January 21, 2020
Mortgage rates dropped to begin the holiday-shortened week as markets expressed a bit of panic over the coronavirus outbreak in China. This is similar to the SARS outbreak in 2003, which certainly had an impact on both stocks and bonds. While it's too soon to know if the new iteration of the disease will run a similar course, it's not too soon for markets to begin heading in that direction preemptively.
Specifically, fears surrounding the outbreak lead investors to expect commerce, in general, to take a hit. Sure, the average person may not change their daily routine because of Coronavirus, but many will (and have). A decrease in the level of commerce implies lower stock prices. Simultaneously, investors can seek safe havens for their money in the sovereign bond market (such as US Treasuries).
When investor demand for Treasuries increases, rates fall. The mortgage-backed securities (MBS) that underlie mortgage rates are an indirect beneficiary as they tend to follow Treasuries at times like this, even though the magnitude is typically lower.
This unexpected surge of bond-buying demand (again, higher demand for bonds = lower rates, all other things being equal) brought the average mortgage lender back in line with their lowest rate offerings since early October.
Loan Originator Perspective
Bond markets posted moderate gains Tuesday, as CDC announced a US coronavirus case. Rates are very near their 30 day lows, and we might have room to run further, particularly if additional cases are discovered. I am floating new loans overnight, think tomorrow's pricing will be better than today's. -Ted Rood, Senior Originator
We are near the bottom of the range right now and I don't think there is much room for improvement. There's always the chance we're going to break into a new lower range but I doubt. - Jason Anker, Loan Officer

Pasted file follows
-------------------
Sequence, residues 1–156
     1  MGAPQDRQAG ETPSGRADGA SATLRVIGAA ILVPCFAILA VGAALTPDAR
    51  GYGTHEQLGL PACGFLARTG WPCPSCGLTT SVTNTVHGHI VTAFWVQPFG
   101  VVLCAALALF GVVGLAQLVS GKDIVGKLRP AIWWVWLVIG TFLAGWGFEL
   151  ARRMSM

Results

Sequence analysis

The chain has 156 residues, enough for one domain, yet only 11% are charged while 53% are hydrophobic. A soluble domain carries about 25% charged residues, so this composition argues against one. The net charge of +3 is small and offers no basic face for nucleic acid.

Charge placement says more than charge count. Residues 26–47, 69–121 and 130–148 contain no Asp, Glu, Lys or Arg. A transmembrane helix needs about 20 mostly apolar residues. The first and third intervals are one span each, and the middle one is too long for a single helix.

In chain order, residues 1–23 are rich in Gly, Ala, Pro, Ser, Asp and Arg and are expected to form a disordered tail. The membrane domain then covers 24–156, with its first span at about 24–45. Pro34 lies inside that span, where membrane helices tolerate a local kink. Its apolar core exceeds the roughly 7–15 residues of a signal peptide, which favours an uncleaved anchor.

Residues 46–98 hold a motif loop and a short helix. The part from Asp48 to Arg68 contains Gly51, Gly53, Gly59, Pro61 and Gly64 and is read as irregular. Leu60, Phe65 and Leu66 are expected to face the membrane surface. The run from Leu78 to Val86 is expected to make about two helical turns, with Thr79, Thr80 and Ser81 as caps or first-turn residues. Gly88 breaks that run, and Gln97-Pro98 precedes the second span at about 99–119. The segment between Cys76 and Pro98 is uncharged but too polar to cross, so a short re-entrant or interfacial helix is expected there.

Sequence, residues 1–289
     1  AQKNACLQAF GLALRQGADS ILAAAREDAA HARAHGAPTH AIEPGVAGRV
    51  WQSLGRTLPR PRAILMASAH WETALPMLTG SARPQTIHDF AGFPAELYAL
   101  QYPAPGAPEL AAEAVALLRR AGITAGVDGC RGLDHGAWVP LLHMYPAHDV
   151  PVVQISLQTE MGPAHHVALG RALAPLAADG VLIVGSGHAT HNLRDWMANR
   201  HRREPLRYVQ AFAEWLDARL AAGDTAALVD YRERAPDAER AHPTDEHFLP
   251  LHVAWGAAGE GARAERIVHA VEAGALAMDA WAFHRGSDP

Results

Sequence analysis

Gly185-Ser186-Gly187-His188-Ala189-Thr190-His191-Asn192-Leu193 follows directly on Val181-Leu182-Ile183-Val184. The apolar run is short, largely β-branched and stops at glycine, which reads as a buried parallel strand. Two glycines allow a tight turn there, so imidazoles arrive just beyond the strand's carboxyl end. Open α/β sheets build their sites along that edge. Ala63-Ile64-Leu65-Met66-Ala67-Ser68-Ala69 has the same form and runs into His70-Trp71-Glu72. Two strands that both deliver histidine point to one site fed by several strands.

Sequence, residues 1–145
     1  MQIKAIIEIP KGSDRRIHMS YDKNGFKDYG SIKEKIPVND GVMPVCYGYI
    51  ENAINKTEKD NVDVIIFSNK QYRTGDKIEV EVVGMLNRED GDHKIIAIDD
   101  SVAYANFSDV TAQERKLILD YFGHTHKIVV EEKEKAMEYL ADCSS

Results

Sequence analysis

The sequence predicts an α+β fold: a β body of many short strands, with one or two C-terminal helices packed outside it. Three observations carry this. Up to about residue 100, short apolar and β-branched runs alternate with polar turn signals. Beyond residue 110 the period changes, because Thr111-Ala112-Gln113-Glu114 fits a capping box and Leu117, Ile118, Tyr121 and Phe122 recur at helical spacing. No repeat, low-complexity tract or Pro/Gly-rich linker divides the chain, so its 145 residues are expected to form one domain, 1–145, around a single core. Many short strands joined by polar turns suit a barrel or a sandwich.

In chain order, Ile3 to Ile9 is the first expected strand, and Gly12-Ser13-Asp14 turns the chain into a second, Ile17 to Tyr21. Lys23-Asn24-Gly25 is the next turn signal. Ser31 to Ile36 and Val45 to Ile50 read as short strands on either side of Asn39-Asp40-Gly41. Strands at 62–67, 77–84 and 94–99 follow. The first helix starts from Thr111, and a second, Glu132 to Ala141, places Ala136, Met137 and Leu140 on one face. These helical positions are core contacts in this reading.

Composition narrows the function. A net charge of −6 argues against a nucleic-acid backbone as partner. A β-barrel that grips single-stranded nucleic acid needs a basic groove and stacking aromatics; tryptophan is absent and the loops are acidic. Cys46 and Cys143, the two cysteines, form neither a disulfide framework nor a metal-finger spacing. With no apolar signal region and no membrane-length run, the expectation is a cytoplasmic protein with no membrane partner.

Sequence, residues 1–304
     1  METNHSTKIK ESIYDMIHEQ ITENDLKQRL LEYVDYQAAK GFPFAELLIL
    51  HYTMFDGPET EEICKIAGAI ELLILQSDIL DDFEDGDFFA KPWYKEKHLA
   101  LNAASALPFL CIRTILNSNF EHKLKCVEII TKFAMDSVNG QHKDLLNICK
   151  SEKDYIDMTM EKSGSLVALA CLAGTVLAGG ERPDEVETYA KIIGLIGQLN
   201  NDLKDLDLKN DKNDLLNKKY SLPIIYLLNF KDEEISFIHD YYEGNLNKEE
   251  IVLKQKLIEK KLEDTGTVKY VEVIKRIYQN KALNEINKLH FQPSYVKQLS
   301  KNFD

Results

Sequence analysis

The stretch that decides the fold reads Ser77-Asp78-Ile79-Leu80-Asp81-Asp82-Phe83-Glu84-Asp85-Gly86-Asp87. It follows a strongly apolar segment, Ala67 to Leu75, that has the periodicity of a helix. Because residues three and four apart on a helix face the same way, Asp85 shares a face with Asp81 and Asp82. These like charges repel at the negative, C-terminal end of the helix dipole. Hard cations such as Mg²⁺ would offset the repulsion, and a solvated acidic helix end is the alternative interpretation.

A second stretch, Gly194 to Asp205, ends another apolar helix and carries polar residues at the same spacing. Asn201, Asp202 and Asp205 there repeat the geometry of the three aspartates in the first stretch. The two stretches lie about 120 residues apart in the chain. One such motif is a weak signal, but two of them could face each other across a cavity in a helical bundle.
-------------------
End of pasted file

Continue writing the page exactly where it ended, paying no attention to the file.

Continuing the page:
Today's Most Prevalent Rates For Top Tier Scenarios
- 30YR FIXED - 3.625 -3.75%
- FHA/VA - 3.375%%
- 15 YEAR FIXED - 3.25 - 3.375%
- 5 YEAR ARMS - 3.25-3.75% depending on the lender
Ongoing Lock/Float Considerations
- 2019 was the best year for mortgage rates since 2011. Big, long-lasting improvements such as this one are increasingly susceptible to bounces/corrections
- Fed policy and the US/China trade war have been key players. Major updates on either front could cause a volatile reaction in rates
- The Fed and the bond market (which dictates rates) will be watching economic data closely, both at home and abroad, as well as trade war updates. The stronger the data and trade relations, the more rates could rise, while weaker data and trade wars will lead to new long-term lows.
- Rates discussed refer to the most frequently-quoted, conforming, conventional 30yr fixed rate for top tier borrowers among average to well-priced lenders. The rates generally assume little-to-no origination or discount except as noted when applicable. Rates appearing on this page are "effective rates" that take day-to-day changes in upfront costs into consideration.